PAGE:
The film that launched the career of Peter Strickland (In Fabric, The Duke of Burgundy), and saw him hailed as a successor to David Lynch, Berberian Sound Studio is a modern giallo delight soaked in cinephilia. It’s 1976, and Berberian Sound Studio is one of the sleaziest post-production studios in Italy, where only the most sordid works of cinema are given their final polish. Gilderoy (Toby Jones) is a shy British sound engineer hired to work on the latest film by horror maestro, Santini. He soon finds himself caught up in a strange world of bitter actresses, capricious technicians and confounding bureaucracy. The longer Gilderoy spends mixing screams and the bloodcurdling sounds of hacked vegetables, the more homesick he becomes. As time and realities shift, Gilderoy finds himself lost in an otherworldly spiral of sonic mayhem.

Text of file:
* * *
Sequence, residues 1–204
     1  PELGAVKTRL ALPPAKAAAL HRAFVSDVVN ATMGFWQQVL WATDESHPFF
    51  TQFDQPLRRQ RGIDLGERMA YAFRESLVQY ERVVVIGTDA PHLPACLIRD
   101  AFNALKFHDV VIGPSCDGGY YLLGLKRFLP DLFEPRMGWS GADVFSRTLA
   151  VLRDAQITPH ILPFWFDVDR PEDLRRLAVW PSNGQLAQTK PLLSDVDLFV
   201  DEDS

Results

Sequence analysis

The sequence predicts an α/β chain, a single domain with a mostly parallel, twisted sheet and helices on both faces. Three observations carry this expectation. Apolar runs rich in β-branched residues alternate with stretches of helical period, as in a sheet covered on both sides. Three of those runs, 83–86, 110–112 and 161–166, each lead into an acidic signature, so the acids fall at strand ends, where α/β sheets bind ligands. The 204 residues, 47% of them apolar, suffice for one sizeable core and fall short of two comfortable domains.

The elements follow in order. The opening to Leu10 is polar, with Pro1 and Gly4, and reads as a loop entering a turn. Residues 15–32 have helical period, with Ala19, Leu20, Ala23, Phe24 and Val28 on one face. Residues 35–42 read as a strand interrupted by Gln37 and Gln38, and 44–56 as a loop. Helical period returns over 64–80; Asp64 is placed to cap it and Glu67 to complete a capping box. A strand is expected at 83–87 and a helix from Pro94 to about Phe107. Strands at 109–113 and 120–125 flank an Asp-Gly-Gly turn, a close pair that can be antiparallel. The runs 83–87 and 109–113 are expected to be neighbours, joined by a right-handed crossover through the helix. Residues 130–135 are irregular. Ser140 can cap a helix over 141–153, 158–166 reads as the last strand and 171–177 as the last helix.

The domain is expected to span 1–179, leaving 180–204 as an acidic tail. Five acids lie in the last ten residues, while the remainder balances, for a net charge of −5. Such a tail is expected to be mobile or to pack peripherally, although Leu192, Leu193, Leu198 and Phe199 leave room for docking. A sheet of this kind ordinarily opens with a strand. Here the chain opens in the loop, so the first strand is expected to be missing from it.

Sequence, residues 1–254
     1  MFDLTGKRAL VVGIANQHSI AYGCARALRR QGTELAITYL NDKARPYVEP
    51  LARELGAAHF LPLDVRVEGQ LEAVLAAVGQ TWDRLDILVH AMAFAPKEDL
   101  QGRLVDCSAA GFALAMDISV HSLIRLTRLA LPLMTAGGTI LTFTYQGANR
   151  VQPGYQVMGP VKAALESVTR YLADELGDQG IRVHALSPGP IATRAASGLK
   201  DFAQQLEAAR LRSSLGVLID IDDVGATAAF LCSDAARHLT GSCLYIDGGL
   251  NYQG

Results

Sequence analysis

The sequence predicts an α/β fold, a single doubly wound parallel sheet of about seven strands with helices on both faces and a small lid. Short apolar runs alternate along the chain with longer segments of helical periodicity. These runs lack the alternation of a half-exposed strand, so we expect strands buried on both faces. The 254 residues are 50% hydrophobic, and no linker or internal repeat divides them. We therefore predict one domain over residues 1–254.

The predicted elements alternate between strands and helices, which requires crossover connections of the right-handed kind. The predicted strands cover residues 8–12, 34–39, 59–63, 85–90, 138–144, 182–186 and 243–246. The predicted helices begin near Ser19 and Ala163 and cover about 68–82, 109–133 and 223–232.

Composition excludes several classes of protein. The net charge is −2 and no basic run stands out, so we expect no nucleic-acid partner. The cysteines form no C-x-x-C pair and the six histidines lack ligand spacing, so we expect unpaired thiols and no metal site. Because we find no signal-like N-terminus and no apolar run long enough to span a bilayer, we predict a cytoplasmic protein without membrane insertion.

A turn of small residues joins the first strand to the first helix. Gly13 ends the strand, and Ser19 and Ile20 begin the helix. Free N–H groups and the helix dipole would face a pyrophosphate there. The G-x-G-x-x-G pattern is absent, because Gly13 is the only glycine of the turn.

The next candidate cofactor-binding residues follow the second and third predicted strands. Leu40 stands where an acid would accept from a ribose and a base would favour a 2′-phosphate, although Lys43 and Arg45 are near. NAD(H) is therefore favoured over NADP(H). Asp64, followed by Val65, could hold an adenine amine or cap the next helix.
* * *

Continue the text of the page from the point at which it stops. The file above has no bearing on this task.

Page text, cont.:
“Utterly distinctive and all but unclassifiable, a musique concrete nightmare, a psycho-metaphysical implosion of anxiety, with strange-tasting traces of black comedy and movie-buff riffs” — The Guardian